With Chemical Safety Reform Passed, What’s Next for Companies?

michelle_harveyHistory was made this week. Major environmental legislation was signed into law for the first time in nearly 25 years, updating the Toxic Substances Control Act (TSCA), the primary U.S. chemical safety law, and putting in place a new foundation of federal oversight for chemicals being used in the marketplace. It took the right conditions and a lot of hard work – including bold action from the retail and manufacturing sectors to answer consumers’ call for safer products – to get here.

Now, as this new law gets implemented, industry is headed for a new status quo on how chemicals are evaluated and approved for use. What does that mean for those companies already on the safer chemicals journey?

Safer Chemicals in Supply Chains

Fertile Ground for Safer Products

This new piece of legislation –The Frank R. Lautenberg Chemical Safety for the 21st Century Act – amends for the first time the core provisions of TSCA, originally passed in 1976.  It requires new chemicals to clear a safety bar before entering the market, and mandates safety reviews of all existing chemicals by the U.S. Environmental Protection Agency (EPA).

Many consumers assume this has been occurring all along. If a product has reached a retailer’s shelves, someone must have reviewed its chemical ingredients for safety, right? But this hasn’t been the case. When TSCA was signed into law, it grandfathered in the 64,000 chemicals then in use as “safe.”  The law didn’t mandate review of new chemicals entering the market, either. And it put the entire burden on EPA to find evidence of harm in order to restrict market entry. The updated law will for the first time give EPA the authority and resources to review both new and existing chemicals and make affirmative decisions about their safety, along with new authority to more easily obtain information necessary for conducting these reviews.

Under the Lautenberg Act, EPA will first focus on “high priority” chemicals, such as those classified as known human carcinogens, highly toxic, persistent in the environment or bioaccumlative (able to build up in the bodies of animals). In assessing the safety of chemicals, EPA must consider risks to vulnerable populations such as children and pregnant women. EPA can only consider the health and environmental impacts of the chemical—leaving consideration of costs or availability of alternatives to the next step when EPA is determining how to manage a chemical’s risks. The law also puts strong new limits on what information can qualify as ‘confidential business information,’ striking a balance between the public’s right to know about chemicals to which they may be exposed, and proprietary interests in chemical information important, for example, to innovation.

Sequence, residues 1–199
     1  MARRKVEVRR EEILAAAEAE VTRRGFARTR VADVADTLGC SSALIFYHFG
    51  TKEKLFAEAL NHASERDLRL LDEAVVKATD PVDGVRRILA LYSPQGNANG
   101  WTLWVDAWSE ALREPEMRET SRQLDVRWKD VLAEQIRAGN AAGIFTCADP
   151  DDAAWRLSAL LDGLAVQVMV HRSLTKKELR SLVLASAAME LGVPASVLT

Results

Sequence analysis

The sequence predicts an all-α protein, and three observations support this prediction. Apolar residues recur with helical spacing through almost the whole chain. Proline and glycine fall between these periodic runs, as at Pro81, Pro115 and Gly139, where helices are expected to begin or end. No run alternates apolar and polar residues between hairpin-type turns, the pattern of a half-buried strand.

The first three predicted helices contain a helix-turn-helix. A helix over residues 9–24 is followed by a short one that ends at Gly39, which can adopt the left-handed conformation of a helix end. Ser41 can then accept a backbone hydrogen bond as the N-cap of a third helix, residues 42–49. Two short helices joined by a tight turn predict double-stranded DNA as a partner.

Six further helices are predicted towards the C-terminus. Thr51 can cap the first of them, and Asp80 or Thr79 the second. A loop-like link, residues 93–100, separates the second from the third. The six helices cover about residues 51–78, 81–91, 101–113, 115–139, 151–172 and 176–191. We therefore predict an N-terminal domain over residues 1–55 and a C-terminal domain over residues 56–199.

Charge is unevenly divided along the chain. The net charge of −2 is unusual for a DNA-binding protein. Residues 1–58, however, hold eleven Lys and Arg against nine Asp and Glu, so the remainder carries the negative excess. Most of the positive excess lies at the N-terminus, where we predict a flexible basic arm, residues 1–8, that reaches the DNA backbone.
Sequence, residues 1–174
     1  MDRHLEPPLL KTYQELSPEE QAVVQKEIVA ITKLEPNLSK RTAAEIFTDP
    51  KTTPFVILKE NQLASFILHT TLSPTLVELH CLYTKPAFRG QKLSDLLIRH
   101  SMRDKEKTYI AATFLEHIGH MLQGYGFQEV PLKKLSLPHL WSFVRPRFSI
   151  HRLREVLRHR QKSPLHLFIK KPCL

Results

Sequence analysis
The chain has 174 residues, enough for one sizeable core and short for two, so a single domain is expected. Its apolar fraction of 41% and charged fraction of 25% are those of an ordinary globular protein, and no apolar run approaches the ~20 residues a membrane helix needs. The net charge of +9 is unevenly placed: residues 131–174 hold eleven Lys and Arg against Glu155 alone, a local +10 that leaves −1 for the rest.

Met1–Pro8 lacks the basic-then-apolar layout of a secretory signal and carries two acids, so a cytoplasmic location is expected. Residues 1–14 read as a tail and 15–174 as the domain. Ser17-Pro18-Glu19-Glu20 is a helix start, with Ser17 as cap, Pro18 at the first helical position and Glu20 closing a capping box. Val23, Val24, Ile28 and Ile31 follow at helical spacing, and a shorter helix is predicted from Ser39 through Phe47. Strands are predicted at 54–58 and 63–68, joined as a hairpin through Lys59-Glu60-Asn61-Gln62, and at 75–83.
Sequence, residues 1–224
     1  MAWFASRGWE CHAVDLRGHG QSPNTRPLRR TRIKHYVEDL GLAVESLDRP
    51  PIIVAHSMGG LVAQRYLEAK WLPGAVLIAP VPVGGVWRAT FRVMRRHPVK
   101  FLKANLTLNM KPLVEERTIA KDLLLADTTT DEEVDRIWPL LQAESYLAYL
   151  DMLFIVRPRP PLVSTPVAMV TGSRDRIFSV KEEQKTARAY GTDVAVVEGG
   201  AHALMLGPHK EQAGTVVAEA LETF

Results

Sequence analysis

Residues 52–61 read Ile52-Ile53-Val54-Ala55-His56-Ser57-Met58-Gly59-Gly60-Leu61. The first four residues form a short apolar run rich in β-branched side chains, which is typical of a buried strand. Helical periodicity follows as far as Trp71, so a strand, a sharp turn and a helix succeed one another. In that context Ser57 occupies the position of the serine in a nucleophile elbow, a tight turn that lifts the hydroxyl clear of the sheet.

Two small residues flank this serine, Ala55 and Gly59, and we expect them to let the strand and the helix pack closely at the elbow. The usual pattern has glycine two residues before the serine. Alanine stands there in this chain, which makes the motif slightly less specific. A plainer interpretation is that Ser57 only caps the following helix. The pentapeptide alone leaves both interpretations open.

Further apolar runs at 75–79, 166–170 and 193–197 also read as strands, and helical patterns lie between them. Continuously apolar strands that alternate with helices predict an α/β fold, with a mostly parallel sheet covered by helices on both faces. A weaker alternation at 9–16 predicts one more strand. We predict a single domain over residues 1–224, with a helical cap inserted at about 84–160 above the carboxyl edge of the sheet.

Accelerating a Company’s Safer Chemicals Journey

These changes will increase corporate incentives to document the safety of chemicals, good news for businesses committed to safer chemicals leadership. More information will better position companies to make informed decisions about what chemicals to use and not to use in their products.

With tens of thousands of chemicals currently on the market, change won’t come overnight. On the other hand, consumer expectations for chemical safety and transparency will continue to rise. Product companies and retailers demanding more evidence of safety and access to more information they can use to go beyond compliance will help drive the whole system, which helps raise the floor.

Companies Must Still Lead the Way

By going beyond compliance and continuing to place a premium on finding ever-safer alternatives, leading companies can distinguish themselves among consumers and help raise the ceiling. With regulatory certainty, companies are better positioned to define and implement progressive chemical policies.

Passage of the Lautenberg Act is an important step on the safer chemicals journey; the government will finally be able to do a better job of protecting consumers. But companies remain a much-needed partner in making safer products the new status quo. The question leaders will strive to answer is, “How do we continue to make our products safer, affordable, and more sustainable?”

Consumers will be watching carefully to see which brands offer products that are better for them and their families. Now that the regulatory bar for safer chemicals is set higher, companies need to seek out new ways to innovate if they want to differentiate themselves, stay competitive in the marketplace and continue to earn consumers’ loyalty.